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Every weekday from now until the Oscar ceremony we'll be running a For Your Consideration piece on behalf of every Best Picture nominee, arguing why it deserves its nomination or even a win, arguing why it's important, or even pointing out why it doesn't belong at the Oscars at all. Kicking things off is Katey with a personal argument on behalf of The Help.

When I was in high school, there was a fierce debate across my entire state about the Confederate flag, which had sat atop the South Carolina statehouse since the 60s. You might remember this-- it made national headlines, and resulted in the state finally being forced to acknowledge Martin Luther King Jr. day as a state holiday, and yes, remove the Confederate battle flag from on top of the state's most prominent building. 12 years later the debate seems insane, but at the time the flag's defenders commonly made the argument "It's heritage, not hate"-- meaning that the flag represented the state's history, not a pride in the antebellum era of the South, or a nostalgia for the days of slavery.

I didn't agree with them now or then-- the fact that the Confederate flag was put up there as a reaction to the Civil Rights Act says a lot-- but I thought about that argument often in the wake of The Help, which is by far the highest-grossing Best Picture nominee and the 13th-biggest movie of 2011. The movie got immediate pushback from The Association of Black Women Historians and nearly everyone else who wanted the flashy headline "Is The Help racist?" Even as moviegoers everywhere flocked to it, plenty of critics decided to write it off as yet another story about white people saving black people, ending Jim Crow, and making sure racism never happened again anywhere, ever.

There are plenty of complaints to be made about The Help-- it is a rambling, imperfect movie, relying a little too much on crass humor and hanging on to a few too many subplots from the book that never take hold in the film. But the movie makes a concerted effort to improve on the book, de-emphasizing the role of Skeeter, the privileged white girl who decides to take down the stories of the black maids who work in her Mississippi town, and expanding the roles of Minny and Aibileen, two of the maids Skeeter interviews. The Association of Black Women Historians seem to suggest that, by including Skeeter's story and others that take place in the white world of Jackson, Mississippi, it trivializes the hardships experienced by black domestic workers at the time. But it's the intersection of those worlds-- Minny and Aibileen's difficult and frequently dark one, Skeeter's overprivileged and stultifying one-- that makes The Help special. It's not about a white woman "rescuing" black women, but what those black women had to say when given the chance, and how they bridged a racial divide that, in the Jim Crow South, seemed impenetrable.

That divide felt very familiar to me, even growing up 30 years after the Jim Crow era. True, it's the white world of The Help that rings true to me, the ambrosia served at card game gatherings, the tricks for making fried chicken, the society ball where a minor faux pas can become a catastrophe. But plenty of white children in the South are still raised in part by black nannies or housekeepers, myself included, and when The Help explored that middle ground between otherwise divided races, I felt a pang of recognition seeing something that I'd never seen spoken out loud before. Talking to my mother, who clearly remembers a black woman in uniform working in her childhood home, we recognized so many other things, from the well-dressed polite society women who will whisper terribly racist things when nobody is looking to that odd, fraught relationship where a white woman might spend the entire day at home with a black woman she knows better than her own husband, but still never regard her as an equal.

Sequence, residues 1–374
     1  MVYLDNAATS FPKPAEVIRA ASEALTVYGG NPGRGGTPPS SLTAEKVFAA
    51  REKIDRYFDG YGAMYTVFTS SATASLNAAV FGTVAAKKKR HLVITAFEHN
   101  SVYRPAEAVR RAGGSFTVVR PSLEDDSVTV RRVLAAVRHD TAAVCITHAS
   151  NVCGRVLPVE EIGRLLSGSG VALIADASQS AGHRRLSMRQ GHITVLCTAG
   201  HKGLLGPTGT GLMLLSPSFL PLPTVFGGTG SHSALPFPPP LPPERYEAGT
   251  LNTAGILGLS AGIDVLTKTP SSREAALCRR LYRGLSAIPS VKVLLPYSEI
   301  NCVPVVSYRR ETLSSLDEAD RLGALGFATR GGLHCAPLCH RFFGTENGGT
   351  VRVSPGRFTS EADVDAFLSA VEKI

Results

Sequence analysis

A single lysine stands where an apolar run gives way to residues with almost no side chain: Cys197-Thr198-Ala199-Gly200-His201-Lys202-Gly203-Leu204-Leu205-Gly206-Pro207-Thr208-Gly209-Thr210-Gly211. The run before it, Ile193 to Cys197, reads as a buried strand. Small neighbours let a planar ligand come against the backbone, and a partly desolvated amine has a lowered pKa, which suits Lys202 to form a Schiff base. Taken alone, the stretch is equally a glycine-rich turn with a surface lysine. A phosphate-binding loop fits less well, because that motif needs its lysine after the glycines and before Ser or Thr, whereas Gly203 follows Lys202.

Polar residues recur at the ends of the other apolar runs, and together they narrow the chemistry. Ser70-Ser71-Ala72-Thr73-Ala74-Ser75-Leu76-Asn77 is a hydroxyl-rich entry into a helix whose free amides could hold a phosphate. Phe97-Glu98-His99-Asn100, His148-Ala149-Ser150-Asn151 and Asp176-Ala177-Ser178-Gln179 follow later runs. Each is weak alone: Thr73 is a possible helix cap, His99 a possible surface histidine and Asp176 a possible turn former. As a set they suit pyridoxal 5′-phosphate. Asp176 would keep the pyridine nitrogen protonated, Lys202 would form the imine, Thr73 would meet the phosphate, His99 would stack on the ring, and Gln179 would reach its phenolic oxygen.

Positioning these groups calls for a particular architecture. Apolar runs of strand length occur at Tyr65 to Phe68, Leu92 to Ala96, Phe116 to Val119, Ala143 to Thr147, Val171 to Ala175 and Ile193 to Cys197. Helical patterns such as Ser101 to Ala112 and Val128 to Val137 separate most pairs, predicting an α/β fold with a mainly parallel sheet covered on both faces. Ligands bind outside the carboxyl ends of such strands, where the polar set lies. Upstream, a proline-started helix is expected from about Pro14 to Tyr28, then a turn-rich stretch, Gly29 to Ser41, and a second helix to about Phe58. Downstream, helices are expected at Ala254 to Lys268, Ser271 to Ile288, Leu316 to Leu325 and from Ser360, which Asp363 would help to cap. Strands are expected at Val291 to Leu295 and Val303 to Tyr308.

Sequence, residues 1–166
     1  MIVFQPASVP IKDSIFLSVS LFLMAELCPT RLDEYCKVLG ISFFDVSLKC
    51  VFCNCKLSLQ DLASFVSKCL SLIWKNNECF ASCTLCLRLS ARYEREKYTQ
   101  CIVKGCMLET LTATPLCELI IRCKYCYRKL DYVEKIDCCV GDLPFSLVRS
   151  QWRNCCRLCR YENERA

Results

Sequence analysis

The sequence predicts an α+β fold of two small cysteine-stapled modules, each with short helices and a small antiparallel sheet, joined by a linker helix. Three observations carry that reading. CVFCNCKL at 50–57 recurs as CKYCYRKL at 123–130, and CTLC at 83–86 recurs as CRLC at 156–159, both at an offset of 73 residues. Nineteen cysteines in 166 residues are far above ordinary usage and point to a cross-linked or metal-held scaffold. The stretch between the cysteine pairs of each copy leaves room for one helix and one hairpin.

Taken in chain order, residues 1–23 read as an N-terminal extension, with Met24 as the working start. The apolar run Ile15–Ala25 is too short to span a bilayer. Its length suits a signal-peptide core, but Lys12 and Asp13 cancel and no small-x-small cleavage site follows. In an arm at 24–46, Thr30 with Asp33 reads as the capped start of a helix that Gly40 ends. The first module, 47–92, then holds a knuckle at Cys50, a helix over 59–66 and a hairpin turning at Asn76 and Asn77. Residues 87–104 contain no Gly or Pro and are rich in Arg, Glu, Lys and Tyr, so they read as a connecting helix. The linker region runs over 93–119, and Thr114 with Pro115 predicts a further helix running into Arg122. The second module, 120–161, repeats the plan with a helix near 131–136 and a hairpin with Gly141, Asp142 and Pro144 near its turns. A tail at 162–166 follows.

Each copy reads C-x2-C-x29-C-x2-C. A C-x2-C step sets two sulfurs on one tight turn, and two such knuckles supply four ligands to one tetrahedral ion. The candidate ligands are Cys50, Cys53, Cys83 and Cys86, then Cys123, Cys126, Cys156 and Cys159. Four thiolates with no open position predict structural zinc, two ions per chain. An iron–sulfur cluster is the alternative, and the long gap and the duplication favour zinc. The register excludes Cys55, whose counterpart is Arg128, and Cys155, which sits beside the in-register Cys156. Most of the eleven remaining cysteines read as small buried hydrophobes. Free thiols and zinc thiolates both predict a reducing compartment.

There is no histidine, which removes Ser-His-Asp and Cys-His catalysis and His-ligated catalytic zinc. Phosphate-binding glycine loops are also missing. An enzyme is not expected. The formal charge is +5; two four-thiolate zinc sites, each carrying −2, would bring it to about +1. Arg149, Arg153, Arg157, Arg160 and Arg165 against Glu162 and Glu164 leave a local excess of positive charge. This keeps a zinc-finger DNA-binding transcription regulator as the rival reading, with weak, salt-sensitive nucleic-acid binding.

The truth that The Help explores doesn't just come from director Tate Taylor and Kathryn Stockett, both of whom know Mississippi intimately. The justly celebrated cast brings out so much of this, and yes, including the actresses criticized by others as playing caricatures. Those who think Bryce Dallas Howard's villainous Hilly Holbrook is over the top or a caricature have clearly never spent time with high-society Southern women, who harbor outdated beliefs that stretch back to the antebellum period or even earlier. Those who think Octavia Spencer's portrayal of the sharp-tongued Minny skews too closely to the stock Hollywood "Mammy" character clearly aren't paying attention to what Spencer does with the role, giving Minny a dignity and a powerful presence that she struggles to hang on to in a world that constantly pushes her back down. Those who have a single bad thing to say about Viola Davis in the movie are clearly blind-- she's spectacular in it through and through.

"It's heritage, not hate." That argument doesn't really apply to The Help, which few can argue as actual hate speech, but I come back to it again in the movie's defense, trying to explain how you can be nostalgic for a period of history that's ugly and unflattering, how the intersection of white and black lives can be both fraught and sometimes terrible, but also more complicated than is easy to remember. It's far from a definitive statement on Civil Rights, but The Help dares to explore that tiny intersection of disparate lives in occasionally clumsy ways, but undeniably powerful ones as well. It's a polished Hollywood film about a complicated, sometimes terrible history-- but it's a real and moving investigation of a heritage that comes entwined with hate but is not defined by it.

For more arguments for and against this year's Oscar nominees, go right HERE.

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